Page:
Sophos Slows Down Computer: True?

Here’s how Sophos affects your computer:

Sophos can slow computers down, but that won’t always be the case. 

As a security software suite, it performs a lot of tasks, and if it is working hard on a computer that doesn’t have resources to spare, you’ll experience slowness. 

If Sophos doesn’t overtax your system, then you’ll never experience a problem.

So if you want to learn all about how Sophos affects your computer performance exactly, then this article is for you.

Keep reading!

Sophos Slows Down Computer: True?(Everything to Know)

How Does Sophos Slow Down Your Computer? (4 Causes)

Dissatisfied young woman looking at laptop screen.

Even though Sophos won’t always slow down a given computer, there are lots of cases where that does happen. 

For the most part, whether or not your computer slows down depends on the power of the hardware running your machine.

If it’s advanced enough, Sophos won’t be a problem.

But, if Sophos does slow things down, it’s not usually universal. 

Instead, specific functions and interactions cause more performance issues than others. 

So, when you understand the how of it all, you can use the software a little bit better and avoid the worst slowdowns.

#1 Hogging Resources

Woman looking confused while working on a computer in an office.

In order for Sophos to carry out the many services attached to the software, it has to utilize computer resources

In general, these come down to CPU usage, RAM allotment, and disk usage.

The CPU is the processing unit for the computer that carries out the calculations. 

When Sophos is scanning systems or checking connections, it is utilizing the central processing unit in order to work, and if it takes up enough CPU availability, the computer will slow down.

Similarly, the RAM is the short-term memory for the computer.

This is where files are temporarily stored so that they are easy to access. 

A computer only has so much RAM, so if Sophos is utilizing too much, you get performance impacts.

By the way, learn all about how much RAM your computer should use when it’s idle here.

Disk usage isn’t typically a problem, but when Sophos scans all of the files on your computer, it has to access the disk repeatedly.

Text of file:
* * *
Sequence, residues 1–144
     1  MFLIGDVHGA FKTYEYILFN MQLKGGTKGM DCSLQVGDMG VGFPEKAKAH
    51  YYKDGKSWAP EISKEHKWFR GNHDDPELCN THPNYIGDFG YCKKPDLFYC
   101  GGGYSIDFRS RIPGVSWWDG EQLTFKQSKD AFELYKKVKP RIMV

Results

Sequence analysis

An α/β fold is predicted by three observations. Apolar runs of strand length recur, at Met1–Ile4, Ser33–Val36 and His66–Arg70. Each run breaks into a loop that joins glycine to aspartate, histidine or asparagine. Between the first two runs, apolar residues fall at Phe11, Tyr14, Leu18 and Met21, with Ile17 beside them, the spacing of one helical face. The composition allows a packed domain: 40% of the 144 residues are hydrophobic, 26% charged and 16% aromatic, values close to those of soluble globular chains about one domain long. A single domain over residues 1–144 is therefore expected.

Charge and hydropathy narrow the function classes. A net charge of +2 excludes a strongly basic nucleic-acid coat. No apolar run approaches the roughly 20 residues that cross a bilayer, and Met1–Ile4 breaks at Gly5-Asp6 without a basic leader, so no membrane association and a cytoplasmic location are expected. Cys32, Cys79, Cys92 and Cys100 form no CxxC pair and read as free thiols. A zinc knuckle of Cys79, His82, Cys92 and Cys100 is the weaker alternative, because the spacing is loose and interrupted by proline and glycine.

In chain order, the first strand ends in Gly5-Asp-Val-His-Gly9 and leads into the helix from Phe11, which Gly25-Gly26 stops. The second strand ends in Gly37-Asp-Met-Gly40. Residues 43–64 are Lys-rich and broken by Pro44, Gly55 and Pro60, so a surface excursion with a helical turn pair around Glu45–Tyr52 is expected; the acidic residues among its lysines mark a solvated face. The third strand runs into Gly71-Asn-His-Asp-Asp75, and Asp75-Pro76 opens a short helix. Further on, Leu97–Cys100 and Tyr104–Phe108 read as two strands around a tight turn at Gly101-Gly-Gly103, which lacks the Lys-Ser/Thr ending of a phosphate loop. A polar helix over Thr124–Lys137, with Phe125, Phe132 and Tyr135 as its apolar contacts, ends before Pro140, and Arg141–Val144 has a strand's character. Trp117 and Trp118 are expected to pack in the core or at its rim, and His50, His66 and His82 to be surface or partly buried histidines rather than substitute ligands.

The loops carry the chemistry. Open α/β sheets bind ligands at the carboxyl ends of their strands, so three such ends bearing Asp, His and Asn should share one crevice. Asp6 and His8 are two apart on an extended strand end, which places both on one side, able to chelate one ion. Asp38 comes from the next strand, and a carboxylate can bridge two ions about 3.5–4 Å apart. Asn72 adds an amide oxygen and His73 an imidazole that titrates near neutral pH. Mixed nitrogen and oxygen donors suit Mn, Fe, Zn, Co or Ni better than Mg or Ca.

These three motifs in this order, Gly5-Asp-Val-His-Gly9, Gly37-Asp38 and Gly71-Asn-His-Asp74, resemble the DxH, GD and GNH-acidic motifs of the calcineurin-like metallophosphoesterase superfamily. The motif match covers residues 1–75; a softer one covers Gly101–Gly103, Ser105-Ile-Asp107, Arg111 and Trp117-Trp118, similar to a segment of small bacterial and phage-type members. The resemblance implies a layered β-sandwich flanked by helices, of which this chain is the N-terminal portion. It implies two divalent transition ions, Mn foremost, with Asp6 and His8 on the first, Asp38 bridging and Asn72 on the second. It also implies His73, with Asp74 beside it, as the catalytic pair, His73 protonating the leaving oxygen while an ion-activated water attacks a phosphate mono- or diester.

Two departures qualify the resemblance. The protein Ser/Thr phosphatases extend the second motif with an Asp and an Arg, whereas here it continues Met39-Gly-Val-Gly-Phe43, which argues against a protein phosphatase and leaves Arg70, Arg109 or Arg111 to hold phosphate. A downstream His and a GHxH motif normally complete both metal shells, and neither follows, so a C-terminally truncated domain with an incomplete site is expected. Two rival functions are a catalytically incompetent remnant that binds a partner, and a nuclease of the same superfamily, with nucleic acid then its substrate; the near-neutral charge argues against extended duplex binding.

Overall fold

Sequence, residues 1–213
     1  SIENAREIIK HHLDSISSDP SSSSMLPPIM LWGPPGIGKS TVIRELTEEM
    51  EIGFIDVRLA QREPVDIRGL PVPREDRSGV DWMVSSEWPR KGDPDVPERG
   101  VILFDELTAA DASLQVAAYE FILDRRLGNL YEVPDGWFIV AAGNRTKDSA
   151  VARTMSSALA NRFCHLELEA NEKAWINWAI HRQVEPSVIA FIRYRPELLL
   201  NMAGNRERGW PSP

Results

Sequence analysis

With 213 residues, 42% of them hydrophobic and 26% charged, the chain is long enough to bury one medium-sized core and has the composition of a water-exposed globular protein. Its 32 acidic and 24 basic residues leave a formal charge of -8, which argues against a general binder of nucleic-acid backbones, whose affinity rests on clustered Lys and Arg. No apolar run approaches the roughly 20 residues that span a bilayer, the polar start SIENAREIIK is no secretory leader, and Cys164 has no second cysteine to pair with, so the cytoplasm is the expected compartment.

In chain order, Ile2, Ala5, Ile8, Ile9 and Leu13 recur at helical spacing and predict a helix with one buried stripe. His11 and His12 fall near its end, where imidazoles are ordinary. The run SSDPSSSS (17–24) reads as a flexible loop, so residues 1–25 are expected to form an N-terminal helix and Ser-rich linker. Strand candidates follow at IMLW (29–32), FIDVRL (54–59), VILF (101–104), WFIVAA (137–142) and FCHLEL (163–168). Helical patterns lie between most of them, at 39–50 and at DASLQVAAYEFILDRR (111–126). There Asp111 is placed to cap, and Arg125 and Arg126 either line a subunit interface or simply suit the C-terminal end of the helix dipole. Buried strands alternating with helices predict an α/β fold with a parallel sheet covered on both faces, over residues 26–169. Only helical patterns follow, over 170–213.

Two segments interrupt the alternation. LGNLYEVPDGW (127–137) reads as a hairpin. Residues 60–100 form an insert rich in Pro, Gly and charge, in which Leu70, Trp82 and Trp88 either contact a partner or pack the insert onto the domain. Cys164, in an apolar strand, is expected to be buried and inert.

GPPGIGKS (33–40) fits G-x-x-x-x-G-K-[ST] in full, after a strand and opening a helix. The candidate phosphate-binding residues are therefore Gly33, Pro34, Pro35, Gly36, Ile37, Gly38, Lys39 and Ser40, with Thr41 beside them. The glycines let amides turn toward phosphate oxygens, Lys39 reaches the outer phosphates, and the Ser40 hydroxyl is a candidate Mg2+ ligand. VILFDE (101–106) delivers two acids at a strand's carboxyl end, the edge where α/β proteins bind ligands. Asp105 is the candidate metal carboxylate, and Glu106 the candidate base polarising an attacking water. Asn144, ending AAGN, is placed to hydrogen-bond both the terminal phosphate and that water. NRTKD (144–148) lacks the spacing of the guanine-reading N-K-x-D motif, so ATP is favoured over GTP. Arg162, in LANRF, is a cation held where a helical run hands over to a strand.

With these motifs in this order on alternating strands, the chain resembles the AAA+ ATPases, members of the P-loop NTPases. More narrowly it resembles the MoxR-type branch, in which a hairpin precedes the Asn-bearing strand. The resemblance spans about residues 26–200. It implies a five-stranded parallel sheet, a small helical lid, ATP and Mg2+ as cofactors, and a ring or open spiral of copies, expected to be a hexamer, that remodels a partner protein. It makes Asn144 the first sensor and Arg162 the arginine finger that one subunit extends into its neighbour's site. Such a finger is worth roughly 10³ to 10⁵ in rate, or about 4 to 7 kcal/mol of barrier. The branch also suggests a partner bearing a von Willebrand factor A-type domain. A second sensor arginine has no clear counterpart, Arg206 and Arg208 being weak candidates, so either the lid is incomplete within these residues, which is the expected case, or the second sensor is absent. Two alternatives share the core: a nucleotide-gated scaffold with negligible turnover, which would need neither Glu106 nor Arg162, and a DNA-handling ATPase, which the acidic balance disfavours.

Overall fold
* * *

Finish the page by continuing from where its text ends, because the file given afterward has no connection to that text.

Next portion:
This uses up the disk’s communication resources, and it can cause other things to load slowly.

Typically, Sophos won’t be using any of these resources at a level that slows down the average computer, but during intense scans and other high-activity periods, it’s something that can happen.

#2 Startup Clog

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It’s quite a bit more likely that Sophos will slow down your computer’s startup procedures. 

When you first turn on or boot your computer, it runs through a checklist of operations before you can start using anything.

Sophos, by default, adds to the list of startup operations. 

Sophos has to load rules and protocols in order to actively protect a system. 

So, the startup process is more involved when Sophos is active and running.

Since the overall list of actions is longer, it takes longer for the startup to finish, and you’re likely to notice that you can’t start doing things with your computer as quickly as used to be the case.

#3 Heuristics and Disruptions

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At its core, Sophos is designed to disrupt malicious behavior as it relates to your computer. 

If a hacker is trying to access the computer, Sophos is trying to prevent that access. 

If malicious software is downloaded, Sophos tries to find and isolate the bad software.

In order to do this, Sophos uses something called heuristic functions. 

This is a form of artificial intelligence that tries to identify dangerous behaviors and bad software, even if Sophos has never come across them before.

When Sophos works correctly, interrupting bad behavior stops installations and prevents communication with bad actors.

That’s disruptive to how you use the computer.

But, things can go a little deeper.

Since the heuristic functions are taking educated guesses as to what should and should not be allowed, they will sometimes be wrong. 

So, Sophos might prevent you from doing something that is harmless because it triggers a false flag. 

That disruption makes it harder to use your computer, and it can also translate to slowing down important processes for things you want to do.

#4 Big Updates

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The last common way Sophos is known to slow down a computer is when it downloads and installs a major update. 

Some updates can be rather large, and until they finish downloading, they can eat up a lot of bandwidth.

Basically, internet activities will slow to a crawl until the download is done.

Once the update is downloaded, it has to be installed. 

At this moment, Sophos is more likely to eat up a bunch of the core resources mentioned above, and your computer might run slowly until the update finishes.

How Does Sophos Speed Things Up on Your Computer? (3 Ways)

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Sophos isn’t always slowing computers down.

There are some cases where it actually improves performance.

This doesn’t happen because Sophos magically runs more efficiently. 

It’s always going to utilize computer resources, but when the software is effective, those used resources still lead to better performance and an improved user experience.

For the most part, Sophos does this by mitigating bad things that slow down the computer.